All Over The Map: ‘Green Book’ guided Black motorists to friendly businesses in the Evergreen State

Jul 16, 2021, 6:17 AM | Updated: 8:34 am

A detail from the cover of the 1940 edition of the Green Book, a guide to Black-friendly business for travelers in the United States. (Public domain) The 1940 Green Book listings for the Evergreen State is fairly brief. (NY Public Library) The 1941 Green Book listings for Black-friendly businesses in Washington. (NY Public Library) The Washington listings of Black-friendly businesses in the Green Book for 1946 grew compared to earlier editions. (Public domain) By 1949, Green Book listings for Washington had expanded to include a long list of restaurants in Seattle. (Public domain)

A local heritage group is exploring the hidden history and impacts of the “Green Book” – the mid-20th century travel guide for Black motorists – here in the Evergreen State.

You might remember a movie a few years ago (that won the Oscar for Best Picture) called Green Book. The film told the story of a Black musician being driven from New York City to, through, and from the Jim Crow South of the 1960s.

The title of the movie comes from the actual Green Book and its publisher, a full-time postal worker who lived in Harlem named Victor H. Green. It was first issued in 1936, and was published annually for about 30 years.

The Green Book – full title: “The Negro Motorist Green Book” – was meant for Black drivers on road trips, and it ultimately grew to become a state-by-state guide that was marketed nationwide. Listed in its pages are restaurants, hotels, night clubs, service stations, barber shops, beauty parlors and rooming houses – called “tourist homes,” which were just private homes that welcomed guests – that served Black customers at a time when other businesses might turn away Black people. Or worse.

In the opening pages of the 1940 edition, a testimonial from a satisfied user might stir memories for anyone of any race who remembers when pre-smartphone vacation navigation included cumbersome maps and comb-bound custom “Trip-tiks” prepared by the American Automobile Association (AAA).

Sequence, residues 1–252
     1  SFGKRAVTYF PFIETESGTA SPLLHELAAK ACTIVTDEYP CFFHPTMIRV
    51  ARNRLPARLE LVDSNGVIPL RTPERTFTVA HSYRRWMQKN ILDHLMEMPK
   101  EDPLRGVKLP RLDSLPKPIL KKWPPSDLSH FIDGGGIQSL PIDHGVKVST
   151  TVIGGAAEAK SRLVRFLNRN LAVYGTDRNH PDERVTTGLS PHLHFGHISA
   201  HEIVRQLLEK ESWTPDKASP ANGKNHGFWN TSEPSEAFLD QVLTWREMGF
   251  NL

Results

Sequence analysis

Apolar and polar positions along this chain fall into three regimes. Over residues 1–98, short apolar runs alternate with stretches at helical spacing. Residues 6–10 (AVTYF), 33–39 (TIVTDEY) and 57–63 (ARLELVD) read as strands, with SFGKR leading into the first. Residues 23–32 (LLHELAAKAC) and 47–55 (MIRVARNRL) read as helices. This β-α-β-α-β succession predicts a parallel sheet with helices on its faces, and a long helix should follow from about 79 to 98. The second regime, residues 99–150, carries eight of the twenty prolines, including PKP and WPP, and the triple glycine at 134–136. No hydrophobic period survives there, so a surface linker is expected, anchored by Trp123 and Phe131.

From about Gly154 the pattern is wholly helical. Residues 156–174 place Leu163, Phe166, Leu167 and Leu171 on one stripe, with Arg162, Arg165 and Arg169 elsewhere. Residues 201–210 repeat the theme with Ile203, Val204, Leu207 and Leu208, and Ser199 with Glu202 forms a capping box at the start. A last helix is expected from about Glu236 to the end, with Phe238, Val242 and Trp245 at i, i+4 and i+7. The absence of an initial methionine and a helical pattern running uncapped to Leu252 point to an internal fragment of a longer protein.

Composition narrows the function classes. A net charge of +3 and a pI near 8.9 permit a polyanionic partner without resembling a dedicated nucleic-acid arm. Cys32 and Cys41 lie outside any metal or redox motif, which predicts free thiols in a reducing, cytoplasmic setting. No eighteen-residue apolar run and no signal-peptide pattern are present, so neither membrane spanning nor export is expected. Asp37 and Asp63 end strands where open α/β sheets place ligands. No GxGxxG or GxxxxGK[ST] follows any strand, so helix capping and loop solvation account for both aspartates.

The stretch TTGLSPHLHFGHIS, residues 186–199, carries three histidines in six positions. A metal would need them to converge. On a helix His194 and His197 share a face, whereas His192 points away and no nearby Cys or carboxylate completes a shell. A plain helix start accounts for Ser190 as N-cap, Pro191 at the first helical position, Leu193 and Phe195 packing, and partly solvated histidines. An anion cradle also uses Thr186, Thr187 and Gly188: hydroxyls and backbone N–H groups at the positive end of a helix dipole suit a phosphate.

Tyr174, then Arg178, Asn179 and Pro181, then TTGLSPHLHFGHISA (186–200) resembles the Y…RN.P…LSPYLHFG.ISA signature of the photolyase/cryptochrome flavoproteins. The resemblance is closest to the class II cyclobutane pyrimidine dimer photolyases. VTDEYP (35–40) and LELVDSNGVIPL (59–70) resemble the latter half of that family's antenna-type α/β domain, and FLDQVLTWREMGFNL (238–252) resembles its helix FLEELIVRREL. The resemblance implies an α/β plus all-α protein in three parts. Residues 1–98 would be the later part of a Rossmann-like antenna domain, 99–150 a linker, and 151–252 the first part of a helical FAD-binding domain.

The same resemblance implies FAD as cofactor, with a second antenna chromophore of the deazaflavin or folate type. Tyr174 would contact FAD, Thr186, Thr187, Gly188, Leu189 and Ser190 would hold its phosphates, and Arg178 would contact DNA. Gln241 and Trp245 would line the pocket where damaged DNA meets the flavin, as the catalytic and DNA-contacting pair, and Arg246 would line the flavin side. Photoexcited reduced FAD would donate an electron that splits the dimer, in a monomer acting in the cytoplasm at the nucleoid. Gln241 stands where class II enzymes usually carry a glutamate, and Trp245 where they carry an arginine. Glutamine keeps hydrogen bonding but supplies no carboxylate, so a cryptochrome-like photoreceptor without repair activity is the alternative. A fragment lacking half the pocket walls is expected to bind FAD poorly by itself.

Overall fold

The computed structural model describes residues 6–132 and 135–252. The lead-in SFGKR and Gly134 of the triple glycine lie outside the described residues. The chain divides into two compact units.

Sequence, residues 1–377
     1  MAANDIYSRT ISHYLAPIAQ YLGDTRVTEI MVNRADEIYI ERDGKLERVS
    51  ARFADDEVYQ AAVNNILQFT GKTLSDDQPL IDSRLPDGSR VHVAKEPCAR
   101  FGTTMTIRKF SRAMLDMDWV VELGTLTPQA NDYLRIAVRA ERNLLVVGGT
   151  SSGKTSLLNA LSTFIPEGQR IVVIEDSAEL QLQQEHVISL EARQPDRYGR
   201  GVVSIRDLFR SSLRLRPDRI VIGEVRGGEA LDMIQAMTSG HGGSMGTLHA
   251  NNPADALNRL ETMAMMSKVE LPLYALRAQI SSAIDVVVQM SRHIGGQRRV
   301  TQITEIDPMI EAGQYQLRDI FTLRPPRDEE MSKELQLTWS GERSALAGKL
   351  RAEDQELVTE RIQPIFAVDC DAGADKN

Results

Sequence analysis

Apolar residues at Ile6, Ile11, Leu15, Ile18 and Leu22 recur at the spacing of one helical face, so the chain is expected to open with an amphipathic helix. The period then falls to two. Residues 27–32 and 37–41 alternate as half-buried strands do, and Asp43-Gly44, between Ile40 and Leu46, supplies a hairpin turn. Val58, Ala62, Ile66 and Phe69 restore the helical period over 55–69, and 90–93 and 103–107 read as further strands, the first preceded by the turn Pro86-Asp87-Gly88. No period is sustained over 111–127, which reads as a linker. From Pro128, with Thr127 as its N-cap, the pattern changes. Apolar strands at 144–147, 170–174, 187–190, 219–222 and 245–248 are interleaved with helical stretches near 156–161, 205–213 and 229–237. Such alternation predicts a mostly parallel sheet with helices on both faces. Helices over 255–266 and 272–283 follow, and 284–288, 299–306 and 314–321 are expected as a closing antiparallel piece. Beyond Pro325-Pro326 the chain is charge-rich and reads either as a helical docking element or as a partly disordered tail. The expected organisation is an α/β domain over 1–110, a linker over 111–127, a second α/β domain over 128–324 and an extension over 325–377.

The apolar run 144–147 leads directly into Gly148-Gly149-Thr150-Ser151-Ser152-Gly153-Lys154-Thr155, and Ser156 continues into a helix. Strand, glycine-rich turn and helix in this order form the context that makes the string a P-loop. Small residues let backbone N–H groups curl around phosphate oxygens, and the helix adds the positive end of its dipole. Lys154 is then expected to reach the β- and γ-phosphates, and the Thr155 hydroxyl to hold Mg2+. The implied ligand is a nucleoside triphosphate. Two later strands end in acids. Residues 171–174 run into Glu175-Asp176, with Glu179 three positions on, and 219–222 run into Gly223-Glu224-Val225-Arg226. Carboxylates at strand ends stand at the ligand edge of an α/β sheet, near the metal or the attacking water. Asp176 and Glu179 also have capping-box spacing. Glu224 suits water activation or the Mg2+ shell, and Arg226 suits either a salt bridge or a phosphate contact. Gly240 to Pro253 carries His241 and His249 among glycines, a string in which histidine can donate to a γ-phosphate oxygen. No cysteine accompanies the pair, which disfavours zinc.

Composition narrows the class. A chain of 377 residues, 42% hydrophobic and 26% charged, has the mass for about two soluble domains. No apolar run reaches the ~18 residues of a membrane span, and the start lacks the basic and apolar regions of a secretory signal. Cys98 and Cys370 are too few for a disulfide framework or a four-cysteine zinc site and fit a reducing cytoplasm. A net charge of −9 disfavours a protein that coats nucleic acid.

“We earnestly believe ‘The Negro Motorist Green Book’ will mean as much if not more to us as the AAA means to the white race,” that satisfied user wrote in a letter to publisher Victor Green.

The local group doing research on the Green Book in the Evergreen State is the Black Heritage Society of Washington (BHS). BHS President Stephanie Johnson-Toliver told KIRO Radio that Black-friendly establishments in Washington first appeared in the 1939 edition of the Green Book, with just one hotel listed on Jackson Street – which was the main street of Seattle’s Black community from the 1920s to the 1970s.

By the early 1940s, the Green Book listed numerous businesses in Yakima, Everett, Tacoma and Seattle — including Smith’s Restaurant, which served “Southern cooked dinners” in a private residence that, incredibly, still stands in Seattle at Madison Street and 22nd Avenue.

BHS volunteers are exploring the hidden history of the publication in Washington in preparation for a Smithsonian exhibit – The Negro Motorist Green Book — which will be coming next March to the Washington State History Museum in Tacoma. Johnson-Toliver says that BHS is partnering with the museum on some to-be-determined local programs, and BHS is looking into the history behind the businesses and tourist homes listed in places like Seattle, Yakima, Everett and Tacoma.

Examining the Washington pages from various editions of the Green Book calls to mind all kinds of questions that Johnson-Toliver and her colleagues will be looking into in the months ahead. Did the owners and operators of the Black-friendly businesses in the Green Book know that they were listed? And, just how much overt Jim Crow-style racism took place in Washington in those years? That is, how necessary was the Green Book in the Evergreen State – a place, like much of the West, says Johnson-Toliver, where racism and discrimination at the retail level was a reality, but which was oftentimes more subtle in its application?

Regardless of the answers to these and other important questions, you can’t help but admire publisher Victor Green for seeing a niche, and for then creating a practical workaround for an ugly reality – which wasn’t about to change anytime soon in the 1930s and 1940s, or even in the 1950s and 1960s.

If you can’t wait until March to learn more about the Green Book, the preservation and advocacy group Historic Seattle is presenting a virtual program this coming Tuesday, July 20, at 5:30 p.m. with Candacy Taylor. Taylor is author of a best-selling book published last year called Overground Railroad: The Green Book and the Roots of Black Travel in America, and she was also involved in creating the Smithsonian exhibit.

The conversation will be moderated by Stephanie Johnson-Toliver and Jackie Peterson. It’s free, but you do need to register in advance to get the Zoom link.

You can hear Feliks every Wednesday and Friday morning on Seattle’s Morning News, read more from him here, and subscribe to The Resident Historian Podcast here. If you have a story idea, please email Feliks here.

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All Over The Map: ‘Green Book’ guided Black motorists to friendly businesses in the Evergreen State